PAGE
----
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It’s summer and most of us like being on the beach. Unfortunately, African Americans do not necessarily believe that they can have a sun burn and damage their skin..Don’t buy into the myth, a person with more melanin, or pigment, in the skin is invincible to the harsh effects of ultraviolet rays.

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African American skin has an inbuilt sun protection factor. Such skin does not burn easily and hence one can remain outdoors in the sun for a longer period of time. However a bit of added protection always helps. Application of sunscreen before going outdoors helps to reduce the harmful effects of the ultraviolet radiation of the sun. It is important to examine the skin closely so that irregularities can be detected. It also helps to have the skin tested once every month. Dark spots that suddenly appear or any other skin abnormalities should be reported to the doctor or dermatologist.

In fact, every year more than 1 million people in the United States are diagnosed with skin cancer. Although African-Americans are less likely to be diagnosed with skin cancer than people with fair skin, they are still at risk. Also, the sun is not the only cause of skin cancer.  Many people may not know that there are several different types of skin cancer. The two most common types of skin cancer are basal cell cancer and squamous cell cancer—both of which are known as non-melanoma skin cancer. Squamous cell cancer is the most common form of skin cancer among African-Americans. Most basal cell and squamous cell skin cancers can be cured if found and treated early. However, skin cancer may be more serious in African Americans because it is often diagnosed later, at more advanced stages.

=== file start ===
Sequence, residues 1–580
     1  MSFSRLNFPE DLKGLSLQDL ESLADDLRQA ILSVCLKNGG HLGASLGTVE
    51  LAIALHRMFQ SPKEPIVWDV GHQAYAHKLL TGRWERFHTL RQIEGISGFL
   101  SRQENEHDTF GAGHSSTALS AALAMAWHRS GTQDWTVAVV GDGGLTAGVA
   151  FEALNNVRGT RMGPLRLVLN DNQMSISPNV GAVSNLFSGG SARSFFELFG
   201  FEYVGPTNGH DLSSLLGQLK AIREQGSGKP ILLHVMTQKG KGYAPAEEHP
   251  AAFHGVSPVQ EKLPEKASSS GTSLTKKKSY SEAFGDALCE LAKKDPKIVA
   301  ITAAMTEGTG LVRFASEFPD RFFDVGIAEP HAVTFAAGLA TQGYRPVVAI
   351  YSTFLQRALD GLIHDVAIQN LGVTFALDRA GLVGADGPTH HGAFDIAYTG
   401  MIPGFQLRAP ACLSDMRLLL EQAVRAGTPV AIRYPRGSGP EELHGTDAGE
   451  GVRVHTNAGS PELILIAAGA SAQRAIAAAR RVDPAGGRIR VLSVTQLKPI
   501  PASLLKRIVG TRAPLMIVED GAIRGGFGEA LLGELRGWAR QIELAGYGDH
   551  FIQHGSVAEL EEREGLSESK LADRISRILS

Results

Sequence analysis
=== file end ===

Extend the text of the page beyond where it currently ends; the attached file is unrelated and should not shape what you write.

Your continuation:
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Melanoma skin cancer—a more deadly form of skin cancer—is much less common than non-melanoma skin cancer. Although melanoma is extremely rare in African-Americans, it can be found in unusual locations. In African-Americans, the first sign of melanoma may be an abnormal mole under the nails, on the palms of hands, or on the soles of the feet.

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Protecting your skin and eyes from the sun is the single best way to reduce your risk of skin cancer. Use sunscreen with a broad-spectrum sun protection factor (SPF) of at least 30 that protects from UVA as well as UVB rays. Reapply every 2 hours and after swimming or sweating. Avoid exposure to the midday sun (between 10 am and 4 pm) when possible. If you must be outdoors, wear sunglasses that absorb UV radiation, a wide-brimmed hat that shades your ears and neck as well as your face, and long sleeves and pants. It is also important to avoid tanning beds. Finally, be aware of any changes in your skin. If you notice a new mole or other new growth on your skin, changes in the appearance of an old growth on your skin, or a sore that does not heal you should see your doctor.

We all love the summer rays. Remember to take care of your skin.